Successful implementation of an acquisition – case study

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An international company, with ambitions to grow through international acquisition, was undertaking one of the first larger-scale acquisitions of a company that was one of the regional market leaders in a country where the international company did not trade.


The potential acquisition was looking for a strategic partner, rather than an acquirer, and would not agree to sell a majority stake. The Chairman of the potential acquisition insisted on remaining in position. The acquiring company had not previously completed an acquisition of such scale, and did not have many people with merger and acquisition (M&A) experience.


The international company secured the services of external advisers. A due diligence team was assembled from within the company and seconded to work with the acquisition target in country for an initial period of 3 months. The team covered three major work streams – Finance, Sales & Marketing and Supply Chain. Due Diligence was completed and a valuation was agreed with the external advisers. Negotiations with the potential acquisition resulted in a 50:50 shareholding. The Chairman was confirmed as staying in post and it was agreed that a new Managing Director would be recruited in-country. Once the Managing Director was in post, the Due Diligence team was disbanded, but two members of that team were then assigned on long-term assignment to the new company as Finance Director and Logistics Director. This ensured continuity and ownership of the action plans for improvement drawn up during the Due Diligence phase.

The Due Diligence action plans were successfully implemented in the first year, with additional temporary expert resource being drafted in from the parent company when requested. In parallel, the two assignees and the new Managing Director drew up a longer-term and more encompassing strategy for the company. The strategy recommended controlled withdrawal from certain markets and product lines, utilising some of the products and capabilities of the parent company, re-engineering of product development, and investments in new markets and sales channels. The plan was agreed by the parent company and acquisition of all the share capital was negotiated with the Chairman and other shareholders. The decision was taken that the brand of the local company was strong and valuable in the local market and so was part of the acquisition and was retained.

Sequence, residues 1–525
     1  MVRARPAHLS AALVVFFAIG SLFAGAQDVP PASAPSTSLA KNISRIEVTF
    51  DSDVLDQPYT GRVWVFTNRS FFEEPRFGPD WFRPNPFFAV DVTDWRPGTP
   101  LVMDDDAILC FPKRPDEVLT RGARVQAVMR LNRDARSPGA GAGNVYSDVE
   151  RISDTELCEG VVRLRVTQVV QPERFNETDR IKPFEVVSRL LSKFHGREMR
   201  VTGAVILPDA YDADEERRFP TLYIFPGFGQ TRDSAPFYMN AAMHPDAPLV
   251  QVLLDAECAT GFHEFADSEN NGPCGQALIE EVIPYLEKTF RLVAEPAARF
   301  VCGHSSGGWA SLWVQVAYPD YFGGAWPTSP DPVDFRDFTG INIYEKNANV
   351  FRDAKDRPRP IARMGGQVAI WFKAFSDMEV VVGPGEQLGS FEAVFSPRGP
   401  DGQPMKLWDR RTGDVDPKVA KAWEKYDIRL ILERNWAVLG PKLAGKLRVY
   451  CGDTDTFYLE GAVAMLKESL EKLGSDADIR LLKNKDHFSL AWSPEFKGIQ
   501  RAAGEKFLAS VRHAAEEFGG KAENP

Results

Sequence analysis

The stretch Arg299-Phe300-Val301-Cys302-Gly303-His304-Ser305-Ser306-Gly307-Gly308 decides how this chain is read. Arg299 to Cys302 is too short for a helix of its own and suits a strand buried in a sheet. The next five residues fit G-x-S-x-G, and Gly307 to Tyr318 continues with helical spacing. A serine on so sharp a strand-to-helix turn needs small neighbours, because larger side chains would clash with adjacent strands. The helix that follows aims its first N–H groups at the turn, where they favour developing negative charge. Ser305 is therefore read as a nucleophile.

• Gained leading market share in the country, growing annual revenues.
  • Re-engineered the company out of core development and base manufacturing; reduced cost base by over 20%, including halving the overall cost of the Supply Division.
  • Reduced product cost by 15%
  • Withdrew from some target vertical markets, enabling the refocus of sales
  • Gained valuable M&A experience and re-deployable human capital. Team members involved in this acquisition were then used on other acquisitions in live and advisory roles.


  • Using the Due Diligence team on the implementation of the acquisition and the improvement plans drawn up during Due Diligence provides continuity and improves ownership. Implementation of Due Diligence action plans was completed ahead of schedule, and far in advance of what a new implementation team would likely have achieved.
  • Questions that were never fully answered during Due Diligence continued to be asked by the same people during implementation. It is rare for all questions to be completely answered during Due Diligence – the 80/20 rule is used sensibly. In this case, the remaining 20 were answered during the implementation phase, meaning the realisation of almost all of the possible “up-sides” identified during Due Diligence.
  • It is important to recognise when the organisation gains new skills, and to utilise those with the new skills in ways that spread them wider through the organisation. This was achieved by using team members on subsequent M&A activities.
  • Use expert resources from the parent company wisely and judiciously, let the team on the ground ask for what they need rather than telling them what you think they should have. New acquisitions can be honey pots for visiting corporate bees!
  • Really understand what you have acquired before implementing “corporate best practice.” It may be you have acquired better practice!

See also